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Echols-Luper began his collegiate career at TCU in 2013, transferring to ASU in 2015. After sitting out that season, he was third on the Red Wolves in receptions (26) and receiving yards (407). His 15.7 yards per reception was second on the team.

Ex-USC DL Noah Jefferson won’t be transferring to Arizona after all

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In early March, Noah Jefferson announced on Twitter that he would be transferring from USC to Arizona.  Nearly five months later?

Never mind.

Wednesday, UA head coach Rich Rodriguez announced that Jefferson will not, as previously expected, be playing for the Wildcats this season.  No reason for the abrupt and unexpected about-face was given.

The coach did, though, intimate that a future pairing between the player and the program isn’t out of the question.

Jefferson wouldn’t have been eligible to play in 2017 for the Wildcats even if his move to the desert had come to fruition. He would’ve, though, had two years of eligibility remaining beginning in 2018 at his disposal.

A four-star member of USC’s 2015 recruiting class, Jefferson played in 14 games, starting one of those, as a true freshman. After starting the season-opening loss to Alabama last season, Jefferson never played another down for USC.

Hugh Freeze makes first public comments since exiting Ole Miss in disgrace

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For the first time since his unceremonious exit from Ole Miss, Hugh Freeze has spoken publicly.  Somewhat.

In what was described as a brief interview with USA Today Sports Wednesday, the former Ole Miss head coach said his family and church have helped him get through the storm of the last few days. When asked if his family was standing by him, Freeze responded, “Oh, gosh, yeah.”

“God is good, even in difficult times,’’ Freeze told the website. “Wonderful wife and family, and that’s my priority.”

“I got some good friends,” the former head coach added.

The stunning news dropped last Thursday night that Freeze’s tenure as the head coach at Ole Miss had come to an end because of at least one call from his university-issued cell phone to a known escort service.  While Freeze blamed the call on a misdial, the administration found a “pattern of misconduct” during a deep dive into his phone records, leading the school to confront the coach about the situation.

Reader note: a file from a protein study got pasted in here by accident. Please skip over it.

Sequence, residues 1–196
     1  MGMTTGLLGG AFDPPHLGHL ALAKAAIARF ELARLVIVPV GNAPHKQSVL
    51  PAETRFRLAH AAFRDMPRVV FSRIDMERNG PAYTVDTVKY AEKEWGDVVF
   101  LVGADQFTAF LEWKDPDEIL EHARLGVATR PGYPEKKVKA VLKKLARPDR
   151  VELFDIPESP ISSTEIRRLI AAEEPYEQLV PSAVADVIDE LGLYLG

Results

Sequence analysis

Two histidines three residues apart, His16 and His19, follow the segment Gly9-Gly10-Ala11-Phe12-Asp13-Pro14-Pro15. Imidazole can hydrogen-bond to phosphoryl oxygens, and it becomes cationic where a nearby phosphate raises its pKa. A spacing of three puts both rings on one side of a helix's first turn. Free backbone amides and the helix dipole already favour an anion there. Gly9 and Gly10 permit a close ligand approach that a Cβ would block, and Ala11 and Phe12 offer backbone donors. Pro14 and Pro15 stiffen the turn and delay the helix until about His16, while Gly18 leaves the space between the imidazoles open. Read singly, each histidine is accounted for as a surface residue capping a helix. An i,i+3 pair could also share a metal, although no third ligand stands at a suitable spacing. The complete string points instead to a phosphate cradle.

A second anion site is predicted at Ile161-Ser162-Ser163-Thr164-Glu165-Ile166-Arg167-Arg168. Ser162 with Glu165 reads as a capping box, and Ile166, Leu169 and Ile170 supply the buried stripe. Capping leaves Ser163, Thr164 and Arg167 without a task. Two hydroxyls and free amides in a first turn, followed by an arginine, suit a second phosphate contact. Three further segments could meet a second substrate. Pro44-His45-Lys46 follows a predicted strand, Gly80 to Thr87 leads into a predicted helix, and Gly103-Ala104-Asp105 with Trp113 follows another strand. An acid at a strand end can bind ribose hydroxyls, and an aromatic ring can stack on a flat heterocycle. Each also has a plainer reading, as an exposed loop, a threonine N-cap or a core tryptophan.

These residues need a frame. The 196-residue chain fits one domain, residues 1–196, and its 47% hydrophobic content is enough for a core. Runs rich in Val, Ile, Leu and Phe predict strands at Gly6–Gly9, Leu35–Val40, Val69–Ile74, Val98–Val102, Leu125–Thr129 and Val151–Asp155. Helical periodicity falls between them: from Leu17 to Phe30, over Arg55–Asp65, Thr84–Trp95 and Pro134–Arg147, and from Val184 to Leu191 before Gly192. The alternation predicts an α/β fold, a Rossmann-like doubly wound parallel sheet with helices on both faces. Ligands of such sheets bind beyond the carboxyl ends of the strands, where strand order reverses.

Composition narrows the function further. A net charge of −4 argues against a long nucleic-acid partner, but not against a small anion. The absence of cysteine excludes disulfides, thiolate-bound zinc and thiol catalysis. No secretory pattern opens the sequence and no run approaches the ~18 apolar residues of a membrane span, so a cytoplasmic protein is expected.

After meetings with Freeze Wednesday night and then again Thursday morning, it became apparent that, if he didn’t resign, the school was going to fire him.

Because of a moral turpitude clause in his contract, there was neither a buyout nor a settlement.

Five-star 2017 Auburn signee undergoes ‘minor procedure,’ should be a go for start of summer camp

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It appears Auburn has dodged what could’ve been a significant injury bullet.

Citing a person familiar with the situation, Brandon Marcello of the Auburn arm of 247Sports.com is reporting that Calvin Ashley underwent a procedure on one of his eyes recently.  SECCountry.com described it as “a minor procedure”; both websites stated that the touted offensive tackle will be ready for the start of summer camp on July 31, this coming Monday.

The reports come a few days after Ashley posted a picture on social media of what appeared to be him in a hospital room.

The football program has not yet, at least publicly, addressed what if any type of health issue with which Ashley is dealing.

A five-star member of the Tigers’ 2017 recruiting class, Ashley was rated as the No. 6 tackle in the country; the No. 1 player at any position in Washington D.C.; and the No. 27 player overall on 247Sports.com‘s composite board.  Ashley was the highest-rated player in AU’s class this year, the only five-star recruit pulled in by Gus Malzahn and company this cycle.

The 6-6, 310-pound Ashley is expected to compete immediately for the starting job at left tackle.